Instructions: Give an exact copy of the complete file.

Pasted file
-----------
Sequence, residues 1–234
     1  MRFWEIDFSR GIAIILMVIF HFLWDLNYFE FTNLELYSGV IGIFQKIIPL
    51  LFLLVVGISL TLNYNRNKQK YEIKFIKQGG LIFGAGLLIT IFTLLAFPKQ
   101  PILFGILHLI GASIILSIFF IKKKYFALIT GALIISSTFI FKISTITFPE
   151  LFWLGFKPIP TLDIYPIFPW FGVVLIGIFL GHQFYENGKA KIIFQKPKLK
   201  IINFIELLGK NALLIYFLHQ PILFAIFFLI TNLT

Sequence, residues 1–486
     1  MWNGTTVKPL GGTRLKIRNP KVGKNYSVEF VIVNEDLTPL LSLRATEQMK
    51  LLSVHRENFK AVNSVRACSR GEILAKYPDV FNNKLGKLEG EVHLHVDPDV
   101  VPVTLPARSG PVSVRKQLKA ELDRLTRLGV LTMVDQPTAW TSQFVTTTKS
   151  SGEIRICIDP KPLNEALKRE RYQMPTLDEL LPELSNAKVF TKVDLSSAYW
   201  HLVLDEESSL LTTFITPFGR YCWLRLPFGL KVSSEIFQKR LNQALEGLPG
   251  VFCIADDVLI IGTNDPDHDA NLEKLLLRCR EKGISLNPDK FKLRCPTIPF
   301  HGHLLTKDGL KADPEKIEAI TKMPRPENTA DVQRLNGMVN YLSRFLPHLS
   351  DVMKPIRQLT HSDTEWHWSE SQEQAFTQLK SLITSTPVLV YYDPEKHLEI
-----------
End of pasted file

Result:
Sequence, residues 1–234
     1  MRFWEIDFSR GIAIILMVIF HFLWDLNYFE FTNLELYSGV IGIFQKIIPL
    51  LFLLVVGISL TLNYNRNKQK YEIKFIKQGG LIFGAGLLIT IFTLLAFPKQ
   101  PILFGILHLI GASIILSIFF IKKKYFALIT GALIISSTFI FKISTITFPE
   151  LFWLGFKPIP TLDIYPIFPW FGVVLIGIFL GHQFYENGKA KIIFQKPKLK
   201  IINFIELLGK NALLIYFLHQ PILFAIFFLI TNLT

Sequence, residues 1–486
     1  MWNGTTVKPL GGTRLKIRNP KVGKNYSVEF VIVNEDLTPL LSLRATEQMK
    51  LLSVHRENFK AVNSVRACSR GEILAKYPDV FNNKLGKLEG EVHLHVDPDV
   101  VPVTLPARSG PVSVRKQLKA ELDRLTRLGV LTMVDQPTAW TSQFVTTTKS
   151  SGEIRICIDP KPLNEALKRE RYQMPTLDEL LPELSNAKVF TKVDLSSAYW
   201  HLVLDEESSL LTTFITPFGR YCWLRLPFGL KVSSEIFQKR LNQALEGLPG
   251  VFCIADDVLI IGTNDPDHDA NLEKLLLRCR EKGISLNPDK FKLRCPTIPF
   301  HGHLLTKDGL KADPEKIEAI TKMPRPENTA DVQRLNGMVN YLSRFLPHLS
   351  DVMKPIRQLT HSDTEWHWSE SQEQAFTQLK SLITSTPVLV YYDPEKHLEI